Scientists Discover 1st Elusive ‘Glueball,’ Particle Made Of Nuclear Force

After combing data from the Beijing Spectrometer III, scientists are confident that they have found evidence for the ‘glueball’, a particle predicted by the Standard Model but which has remained elusive.

Since it went online in 2008, the Beijing Spectrometer III, an electron-positron collider, has recorded over 10 billion events forming J/ψ (Psi) particles.

Although it has shortcomings, the Standard Model has been successful in helping us understand the world around us. Over the years, the Model has provided details on the atomic structure, and we now know that nuclei contain more than protons and neutrons.

In 1974, two teams working independently, Samuel Ting’s team at Brookhaven and Burton Richter’s team at Stanford Linear Accelerator Center (SLAC), found the charm quark. It was named J (after the Chinese character, T for Ting, which looks like a J in English), while Richter chose a more conventional approach and named it ψ, following the norm in particle physics.

For years, laboratories have been researching the quark. Still, like other particles, it is fundamentally unstable and must decay and change into a species of lower energy. 

What is a glueball?

Gluons offer the nuclear force that keeps quarks together. Unlike positive or negative charges, the charge on gluons is referred to by color since they can cancel each other out, much like red, blue, and green colors cancel each other out.

Since particles like mesons consist of quarks and antiquarks, scientists believe that gluons also have anticolors such as antired, antiblue, and antigreen. Additionally, gluons can interact with themselves to create particles that are not quarks, dubbed ‘glueballs’. 

However, such particles are extremely difficult to detect in a collider experiment and are rarely discussed in scientific experiments.

Illustration explaining differences between meson, baryon and glueball. Gluons shown as springs and larger dots are quarks and antiquarks. Image credit: Brookhaven National Laboratory.

How high-performance computing helps

One reason glueballs did not get much attention is that physicists found it difficult to calculate their expected properties. With the advent of high-performance computing, techniques such as LatticeQCD have arrived.

These techniques treat spacetime as a discrete grid and, using a smaller spacing, make predictions for large-scale phenomena.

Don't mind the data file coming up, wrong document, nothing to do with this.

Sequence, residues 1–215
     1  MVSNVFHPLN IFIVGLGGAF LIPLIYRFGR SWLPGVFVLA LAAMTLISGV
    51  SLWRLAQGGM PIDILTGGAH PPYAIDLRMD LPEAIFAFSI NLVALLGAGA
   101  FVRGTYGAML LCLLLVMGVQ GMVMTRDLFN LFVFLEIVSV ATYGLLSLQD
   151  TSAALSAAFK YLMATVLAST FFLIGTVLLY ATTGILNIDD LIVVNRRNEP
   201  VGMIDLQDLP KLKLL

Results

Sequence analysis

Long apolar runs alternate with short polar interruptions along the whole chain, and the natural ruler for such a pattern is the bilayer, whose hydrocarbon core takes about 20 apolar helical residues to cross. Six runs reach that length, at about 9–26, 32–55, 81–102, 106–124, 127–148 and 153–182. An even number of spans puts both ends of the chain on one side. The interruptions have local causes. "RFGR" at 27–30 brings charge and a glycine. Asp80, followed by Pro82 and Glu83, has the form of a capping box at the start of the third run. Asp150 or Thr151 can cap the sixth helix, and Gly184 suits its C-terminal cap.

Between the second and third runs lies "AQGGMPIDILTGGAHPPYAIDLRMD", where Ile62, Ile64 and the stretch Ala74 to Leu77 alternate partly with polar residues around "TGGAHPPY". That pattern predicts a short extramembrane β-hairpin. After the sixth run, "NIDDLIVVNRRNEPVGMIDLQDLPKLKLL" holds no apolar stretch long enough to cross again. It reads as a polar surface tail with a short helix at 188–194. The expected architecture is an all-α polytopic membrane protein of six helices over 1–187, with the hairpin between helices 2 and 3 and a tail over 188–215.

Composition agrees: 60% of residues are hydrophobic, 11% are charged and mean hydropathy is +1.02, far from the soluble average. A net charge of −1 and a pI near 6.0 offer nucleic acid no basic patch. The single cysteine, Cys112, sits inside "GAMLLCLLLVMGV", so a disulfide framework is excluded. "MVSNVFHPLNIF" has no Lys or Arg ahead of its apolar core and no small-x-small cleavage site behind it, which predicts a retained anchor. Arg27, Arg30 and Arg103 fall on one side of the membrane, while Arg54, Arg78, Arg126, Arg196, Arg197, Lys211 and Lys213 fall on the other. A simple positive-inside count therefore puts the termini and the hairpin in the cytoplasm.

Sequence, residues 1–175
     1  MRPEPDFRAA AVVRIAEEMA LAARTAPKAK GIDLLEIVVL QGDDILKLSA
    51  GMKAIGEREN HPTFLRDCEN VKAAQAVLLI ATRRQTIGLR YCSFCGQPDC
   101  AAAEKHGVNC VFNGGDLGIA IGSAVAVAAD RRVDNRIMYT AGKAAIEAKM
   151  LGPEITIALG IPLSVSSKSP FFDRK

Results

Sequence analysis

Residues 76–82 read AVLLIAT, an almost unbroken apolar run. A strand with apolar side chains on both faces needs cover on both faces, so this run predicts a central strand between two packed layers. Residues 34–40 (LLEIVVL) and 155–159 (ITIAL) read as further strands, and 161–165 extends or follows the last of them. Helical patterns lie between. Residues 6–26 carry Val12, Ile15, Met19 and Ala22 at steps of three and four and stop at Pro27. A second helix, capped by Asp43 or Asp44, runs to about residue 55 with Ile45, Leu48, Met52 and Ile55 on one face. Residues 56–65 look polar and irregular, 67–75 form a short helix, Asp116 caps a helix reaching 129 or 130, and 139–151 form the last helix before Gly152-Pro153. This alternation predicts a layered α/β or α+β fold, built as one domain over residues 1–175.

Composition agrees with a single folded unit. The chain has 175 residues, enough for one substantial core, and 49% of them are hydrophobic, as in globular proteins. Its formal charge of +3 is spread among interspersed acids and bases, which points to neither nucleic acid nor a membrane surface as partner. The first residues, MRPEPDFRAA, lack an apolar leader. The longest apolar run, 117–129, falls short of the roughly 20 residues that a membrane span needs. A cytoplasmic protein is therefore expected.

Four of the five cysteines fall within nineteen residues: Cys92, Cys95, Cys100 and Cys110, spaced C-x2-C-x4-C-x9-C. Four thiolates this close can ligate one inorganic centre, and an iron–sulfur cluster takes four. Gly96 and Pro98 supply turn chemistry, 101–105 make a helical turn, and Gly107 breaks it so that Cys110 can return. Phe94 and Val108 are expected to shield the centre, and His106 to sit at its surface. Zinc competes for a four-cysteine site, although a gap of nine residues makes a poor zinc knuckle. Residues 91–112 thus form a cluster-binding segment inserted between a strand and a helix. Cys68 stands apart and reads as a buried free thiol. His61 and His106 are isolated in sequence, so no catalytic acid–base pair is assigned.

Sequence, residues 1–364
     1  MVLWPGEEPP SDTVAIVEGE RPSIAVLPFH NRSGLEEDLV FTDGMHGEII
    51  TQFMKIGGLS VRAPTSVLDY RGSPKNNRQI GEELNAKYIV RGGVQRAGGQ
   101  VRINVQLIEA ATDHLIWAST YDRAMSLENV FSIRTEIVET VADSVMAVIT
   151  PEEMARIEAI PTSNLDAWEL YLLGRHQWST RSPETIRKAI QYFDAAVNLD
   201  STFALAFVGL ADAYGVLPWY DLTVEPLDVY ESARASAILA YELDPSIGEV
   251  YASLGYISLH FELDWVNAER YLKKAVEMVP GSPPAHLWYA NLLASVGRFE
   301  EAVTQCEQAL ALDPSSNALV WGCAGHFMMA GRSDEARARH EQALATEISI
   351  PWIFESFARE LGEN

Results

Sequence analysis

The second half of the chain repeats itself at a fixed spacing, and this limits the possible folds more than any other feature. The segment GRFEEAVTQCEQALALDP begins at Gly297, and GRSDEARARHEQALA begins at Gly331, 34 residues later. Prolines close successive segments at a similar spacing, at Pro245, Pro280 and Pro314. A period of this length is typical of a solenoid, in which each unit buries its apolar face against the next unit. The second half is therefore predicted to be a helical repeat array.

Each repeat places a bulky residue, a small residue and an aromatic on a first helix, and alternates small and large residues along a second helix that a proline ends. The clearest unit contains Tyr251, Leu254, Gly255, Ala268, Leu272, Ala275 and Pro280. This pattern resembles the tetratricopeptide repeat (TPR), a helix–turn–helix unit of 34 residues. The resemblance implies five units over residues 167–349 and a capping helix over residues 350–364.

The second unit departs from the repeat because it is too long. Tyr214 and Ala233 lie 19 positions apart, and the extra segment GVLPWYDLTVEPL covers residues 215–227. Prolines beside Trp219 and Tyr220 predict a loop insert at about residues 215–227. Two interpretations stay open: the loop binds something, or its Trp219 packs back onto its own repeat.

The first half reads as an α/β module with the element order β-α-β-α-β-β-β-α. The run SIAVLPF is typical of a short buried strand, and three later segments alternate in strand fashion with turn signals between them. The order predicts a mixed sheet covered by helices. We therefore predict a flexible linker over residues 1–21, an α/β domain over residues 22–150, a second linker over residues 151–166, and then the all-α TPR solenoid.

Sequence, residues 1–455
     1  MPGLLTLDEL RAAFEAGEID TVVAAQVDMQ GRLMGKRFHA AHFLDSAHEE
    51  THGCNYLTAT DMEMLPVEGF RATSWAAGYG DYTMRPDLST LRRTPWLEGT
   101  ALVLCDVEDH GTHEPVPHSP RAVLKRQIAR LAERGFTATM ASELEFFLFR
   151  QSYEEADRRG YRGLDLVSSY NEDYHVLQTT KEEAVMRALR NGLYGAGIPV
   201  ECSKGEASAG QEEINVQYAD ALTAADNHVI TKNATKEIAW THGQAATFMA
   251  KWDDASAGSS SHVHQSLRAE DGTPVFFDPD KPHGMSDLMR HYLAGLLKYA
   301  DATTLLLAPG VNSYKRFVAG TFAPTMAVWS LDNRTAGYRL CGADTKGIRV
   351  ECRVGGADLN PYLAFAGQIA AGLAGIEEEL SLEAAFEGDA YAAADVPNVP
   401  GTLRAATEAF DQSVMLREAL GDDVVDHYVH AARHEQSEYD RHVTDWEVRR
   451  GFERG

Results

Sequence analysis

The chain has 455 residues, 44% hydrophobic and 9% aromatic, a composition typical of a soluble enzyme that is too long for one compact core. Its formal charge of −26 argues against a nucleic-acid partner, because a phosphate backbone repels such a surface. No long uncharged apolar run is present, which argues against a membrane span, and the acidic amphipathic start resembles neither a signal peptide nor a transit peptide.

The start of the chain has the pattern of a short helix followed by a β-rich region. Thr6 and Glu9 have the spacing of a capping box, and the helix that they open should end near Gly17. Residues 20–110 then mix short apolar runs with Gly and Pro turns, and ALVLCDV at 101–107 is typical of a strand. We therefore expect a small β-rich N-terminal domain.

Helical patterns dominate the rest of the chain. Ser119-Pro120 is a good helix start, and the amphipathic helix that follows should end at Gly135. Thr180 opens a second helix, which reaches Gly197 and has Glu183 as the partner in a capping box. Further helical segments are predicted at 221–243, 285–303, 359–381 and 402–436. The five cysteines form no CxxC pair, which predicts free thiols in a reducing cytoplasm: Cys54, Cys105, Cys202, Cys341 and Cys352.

Using this technique, physicists have estimated that the lightest glueball would not have a spin or electric charge and have a mass between 2.3 and 2.6 GeV/c². To experimentally observe a glueball, physicists at the Beijing Spectrometer III created a slightly heavier particle and watched it decay. 

When a J/ψ particle decays, there is a 26 percent chance of creating photons, nine percent chance of a decay into a photon and two gluons but a 64 percent chance of a complete decay into three gluons, a Big Think report said. 

The findings at BES III

In a recent research paper, Scientists at BES III said that they had detected a new composite particle, X (2370). The number in the brackets was the initial estimate of its mass in MeV/c2, which, after further work, has been determined to be 2395 MeV/c2 or 2.395 GeV/c², which matches mass predictions. 

More importantly, the particle has no spin and has a statistical significance of 11.7-σ. This is way above the gold standard of 5-σ, suggesting that the likelihood of the discovery was a fluke is 0.00006 percent. 

While this is not the definitive proof that scientists have spotted the glueball, it is nevertheless the strongest result to confirm that glueballs, as predicted by the Standard Model, do exist, and maybe scientists have glanced at its existence for the very first time. 

The research findings were published in the journal Physical Review Letters.

Scientists Discover 1st Elusive ‘Glueball,’ Particle Made Of Nuclear Force Scientists Discover 1st Elusive ‘Glueball,’ Particle Made Of Nuclear Force Reviewed by Explore With Us on May 08, 2024 Rating: 5

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